• Each state's law regulating the conduct of insurance agents usually prohibits them from soliciting or placing liability business on behalf of an unauthorized carrier unless there has first been a good faith effort to obtain such coverage from properly authorized carriers in their state. In other words, an agent may not place business with unauthorized insurers unless a number of the companies licensed in the state to provide the coverage have been given the opportunity to evaluate the risk and have refused to offer such coverage. While most insurance agents and brokers are professional in their activities, some of them are closely associated with unauthorized carriers and may not be making the required effort to present their clients to the "standard" market before guiding them to a surplus lines carrier.
  • You should expect your agent to advise you, preferably in writing, of all the markets they have contacted on your behalf and to advise you of the results of those contacts. They should also advise you of their commission or fee arrangements with each market to be certain you are fully informed and can make an intelligent business decision about an issue that is both critical and costly to your practice.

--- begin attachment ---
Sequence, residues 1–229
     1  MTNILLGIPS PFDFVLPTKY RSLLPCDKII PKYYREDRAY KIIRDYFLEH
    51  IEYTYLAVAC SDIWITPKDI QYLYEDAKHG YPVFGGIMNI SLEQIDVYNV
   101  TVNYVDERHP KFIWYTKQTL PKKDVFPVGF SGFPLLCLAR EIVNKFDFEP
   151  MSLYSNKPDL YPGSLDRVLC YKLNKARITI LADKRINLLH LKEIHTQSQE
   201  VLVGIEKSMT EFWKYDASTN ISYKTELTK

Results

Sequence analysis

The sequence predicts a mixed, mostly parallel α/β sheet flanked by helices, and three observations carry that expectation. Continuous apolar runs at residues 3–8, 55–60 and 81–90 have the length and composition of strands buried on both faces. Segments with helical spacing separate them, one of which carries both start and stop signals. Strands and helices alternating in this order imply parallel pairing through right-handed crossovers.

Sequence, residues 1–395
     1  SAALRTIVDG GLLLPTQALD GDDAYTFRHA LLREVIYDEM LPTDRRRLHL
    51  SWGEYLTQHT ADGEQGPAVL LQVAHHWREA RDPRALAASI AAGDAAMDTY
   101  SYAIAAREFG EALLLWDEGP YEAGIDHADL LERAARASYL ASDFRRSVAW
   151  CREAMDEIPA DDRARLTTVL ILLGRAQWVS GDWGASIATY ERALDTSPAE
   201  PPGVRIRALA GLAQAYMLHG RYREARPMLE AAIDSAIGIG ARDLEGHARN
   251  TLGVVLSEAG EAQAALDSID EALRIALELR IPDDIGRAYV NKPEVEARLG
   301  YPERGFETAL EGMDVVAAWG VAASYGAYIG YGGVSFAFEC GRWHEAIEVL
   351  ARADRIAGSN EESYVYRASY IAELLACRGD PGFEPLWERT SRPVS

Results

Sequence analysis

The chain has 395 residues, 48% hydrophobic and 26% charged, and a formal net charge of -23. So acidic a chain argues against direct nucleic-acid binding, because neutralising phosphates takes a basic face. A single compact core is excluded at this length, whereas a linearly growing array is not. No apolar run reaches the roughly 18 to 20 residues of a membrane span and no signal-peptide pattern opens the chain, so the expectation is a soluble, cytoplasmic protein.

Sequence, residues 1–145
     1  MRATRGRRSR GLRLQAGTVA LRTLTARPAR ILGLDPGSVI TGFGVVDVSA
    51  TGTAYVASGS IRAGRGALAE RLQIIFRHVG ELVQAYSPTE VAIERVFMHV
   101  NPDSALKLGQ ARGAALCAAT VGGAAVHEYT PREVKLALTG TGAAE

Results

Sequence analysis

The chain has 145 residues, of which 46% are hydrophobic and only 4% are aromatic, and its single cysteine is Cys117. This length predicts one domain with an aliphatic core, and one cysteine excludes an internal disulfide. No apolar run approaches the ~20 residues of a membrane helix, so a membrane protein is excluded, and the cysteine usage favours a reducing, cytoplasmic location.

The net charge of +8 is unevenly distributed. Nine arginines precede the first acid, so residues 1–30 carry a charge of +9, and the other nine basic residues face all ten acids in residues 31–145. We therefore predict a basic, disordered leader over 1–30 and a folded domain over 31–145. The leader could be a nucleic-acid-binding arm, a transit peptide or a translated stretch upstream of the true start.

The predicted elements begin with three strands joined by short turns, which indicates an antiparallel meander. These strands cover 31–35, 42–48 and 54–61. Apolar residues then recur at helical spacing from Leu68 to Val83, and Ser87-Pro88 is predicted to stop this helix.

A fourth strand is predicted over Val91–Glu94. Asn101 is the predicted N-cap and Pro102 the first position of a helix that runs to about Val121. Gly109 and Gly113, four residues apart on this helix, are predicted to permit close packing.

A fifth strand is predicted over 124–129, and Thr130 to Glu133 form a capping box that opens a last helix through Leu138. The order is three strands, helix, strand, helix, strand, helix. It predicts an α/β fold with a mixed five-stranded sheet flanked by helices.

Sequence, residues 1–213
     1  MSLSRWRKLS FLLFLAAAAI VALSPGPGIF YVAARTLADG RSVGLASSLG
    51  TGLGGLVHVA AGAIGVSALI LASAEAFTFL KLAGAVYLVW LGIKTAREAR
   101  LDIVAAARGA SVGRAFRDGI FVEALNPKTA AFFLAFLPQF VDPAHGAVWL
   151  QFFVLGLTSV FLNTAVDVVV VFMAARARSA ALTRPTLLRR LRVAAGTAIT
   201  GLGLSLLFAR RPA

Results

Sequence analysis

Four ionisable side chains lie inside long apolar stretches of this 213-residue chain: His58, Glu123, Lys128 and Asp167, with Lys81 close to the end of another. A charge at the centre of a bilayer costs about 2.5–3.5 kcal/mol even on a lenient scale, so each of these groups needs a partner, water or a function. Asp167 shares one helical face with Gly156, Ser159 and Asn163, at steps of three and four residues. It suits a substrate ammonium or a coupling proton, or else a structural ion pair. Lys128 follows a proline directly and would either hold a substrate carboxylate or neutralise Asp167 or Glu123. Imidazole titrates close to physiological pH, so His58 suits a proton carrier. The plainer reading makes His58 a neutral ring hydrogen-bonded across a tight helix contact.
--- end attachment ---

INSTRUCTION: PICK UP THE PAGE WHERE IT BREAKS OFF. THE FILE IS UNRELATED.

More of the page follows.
• Be aware that no agent is licensed with all markets, so there may be other markets that can quote your business from other agents or brokers.
  • Your state Department of Insurance laws usually prohibit an insurance company that is not licensed in your state from transacting insurance business within the state. Agents procuring coverage from surplus lines carriers are involved in out-of-state transactions that are not regulated by your state Department of Insurance (DOI). If you elect to go with one of these insurance carriers, you should ask your agent for a complete briefing on their agency's relationship with each surplus carrier proposal presented and their associated compensation plans. In some instances, agents have the option to adjust the commission or fee with the insurer. Be certain that your agent shares his/her fee or commission structure with you before you buy.
  • Important protections afforded by your state's Department of Insurance will not be available to those insured by unauthorized carriers, including protection against such things as: policy language and coverage that does not meet minimum standards for approval; unreasonable or short notice cancellations; non-renewal without adequate notice; mid-term cancellation by the insurance company; and unreasonable terms for extended reporting endorsement ("tail") coverage.